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PWE-075 Association between Thiopurine use and Non-Melanoma Skin Cancers in Patients with Inflammatory Bowel Disease: A Meta-Analysis
  1. J Ariyaratnam1,
  2. V Subramanian1
  1. 1Department of Gastroenterology, Leeds Teaching Hospitals, Leeds, UK

Abstract

Introduction Thiopurines are the mainstay of treatment for patients with inflammatory bowel disease (IBD). Thiopurine therapy increases the risk of non-melanoma skin cancers (NMSC) in solid organ transplant patients. The data on NMSC in patients taking thiopurines for IBD is conflicting.

Methods We searched electronic databases (PubMed, OVID, the Cochrane library, EMBASE and CINAHL) for full journal articles reporting on the risk of developing NMSC in patients taking thiopurines for IBD and hand searched the reference lists of all retrieved articles. Pooled adjusted hazard ratios and 95% confidence intervals were determined using a random effects model. Publication bias was assessed using Funnel plots or Egger’s test for regression asymmetry. Heterogeneity was assessed using Cochran’s Q and the I2 statistic.

Results A total of 8 studies involving 60,351 patients provided data on the risk of developing NMSC in patients with IBD on thiopurines. The pooled adjusted hazard ratio of developing NMSC after exposure to thiopurines in patients with IBD was 2.275 (95% CI 1.502 to 3.446). There was significant heterogeneity (I2 76%) between the studies, but no evidence of publication bias (P = 0.15, intercept = –6.7 and 95% CI: –17.2 to 3.7). Meta regression analysis suggested that the population studied (hospital based versus population based) and duration of follow up (> 3 years) were the major contributors to the heterogeneity. Grouping studies according to population studied and also duration suggests that the risk was much higher in hospital based and shorter duration studies (Table).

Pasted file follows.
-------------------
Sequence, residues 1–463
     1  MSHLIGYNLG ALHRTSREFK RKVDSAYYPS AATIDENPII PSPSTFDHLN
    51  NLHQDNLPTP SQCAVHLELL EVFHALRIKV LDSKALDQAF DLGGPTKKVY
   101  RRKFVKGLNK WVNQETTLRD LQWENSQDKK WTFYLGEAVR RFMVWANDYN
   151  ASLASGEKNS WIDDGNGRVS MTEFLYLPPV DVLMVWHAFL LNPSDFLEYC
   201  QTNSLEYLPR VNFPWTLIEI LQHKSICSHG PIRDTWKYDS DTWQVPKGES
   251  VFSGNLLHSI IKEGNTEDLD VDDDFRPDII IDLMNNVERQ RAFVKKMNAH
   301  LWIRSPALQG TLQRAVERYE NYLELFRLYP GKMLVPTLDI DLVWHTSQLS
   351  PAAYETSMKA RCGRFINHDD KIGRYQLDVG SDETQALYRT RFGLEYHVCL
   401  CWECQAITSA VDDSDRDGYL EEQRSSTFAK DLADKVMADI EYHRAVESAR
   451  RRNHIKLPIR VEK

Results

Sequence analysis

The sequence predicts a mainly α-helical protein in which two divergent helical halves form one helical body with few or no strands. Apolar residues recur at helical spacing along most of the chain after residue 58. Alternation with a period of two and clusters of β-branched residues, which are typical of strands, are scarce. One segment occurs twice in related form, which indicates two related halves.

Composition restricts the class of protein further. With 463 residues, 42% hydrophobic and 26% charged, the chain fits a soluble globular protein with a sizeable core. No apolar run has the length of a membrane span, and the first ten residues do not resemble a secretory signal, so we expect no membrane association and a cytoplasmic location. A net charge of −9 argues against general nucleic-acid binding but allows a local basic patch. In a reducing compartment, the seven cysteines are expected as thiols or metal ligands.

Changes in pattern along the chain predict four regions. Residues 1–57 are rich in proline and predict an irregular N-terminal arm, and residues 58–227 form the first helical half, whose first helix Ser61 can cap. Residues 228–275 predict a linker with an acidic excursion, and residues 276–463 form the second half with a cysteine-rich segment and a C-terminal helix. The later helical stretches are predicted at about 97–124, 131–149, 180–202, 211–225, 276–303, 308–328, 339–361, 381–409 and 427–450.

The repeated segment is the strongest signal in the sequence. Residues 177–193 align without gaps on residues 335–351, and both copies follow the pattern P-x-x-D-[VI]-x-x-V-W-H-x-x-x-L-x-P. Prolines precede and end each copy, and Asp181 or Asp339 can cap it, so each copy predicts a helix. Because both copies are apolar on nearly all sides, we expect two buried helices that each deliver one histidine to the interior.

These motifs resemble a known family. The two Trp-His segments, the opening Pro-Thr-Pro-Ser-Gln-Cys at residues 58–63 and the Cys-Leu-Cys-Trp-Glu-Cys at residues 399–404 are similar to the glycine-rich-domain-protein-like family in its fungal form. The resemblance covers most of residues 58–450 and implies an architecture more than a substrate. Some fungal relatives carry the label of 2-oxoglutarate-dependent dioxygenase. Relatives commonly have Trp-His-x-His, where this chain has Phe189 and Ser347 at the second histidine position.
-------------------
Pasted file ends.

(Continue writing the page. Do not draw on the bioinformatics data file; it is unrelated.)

Conclusion The risk of developing NMSC in patients with IBD on thiopurines is only modestly elevated. This effect loses significance when studies with less than 3 years follow-up are excluded. The difference in pooled risk between population based and hospital based studies suggests the possibility that ascertainment bias could have contributed to this increased risk. Use of thiopurines to treat IBD should not be limited by this marginally increased risk of NMSC.

Abstract PWE-075 Table

Disclosure of Interest None Declared.

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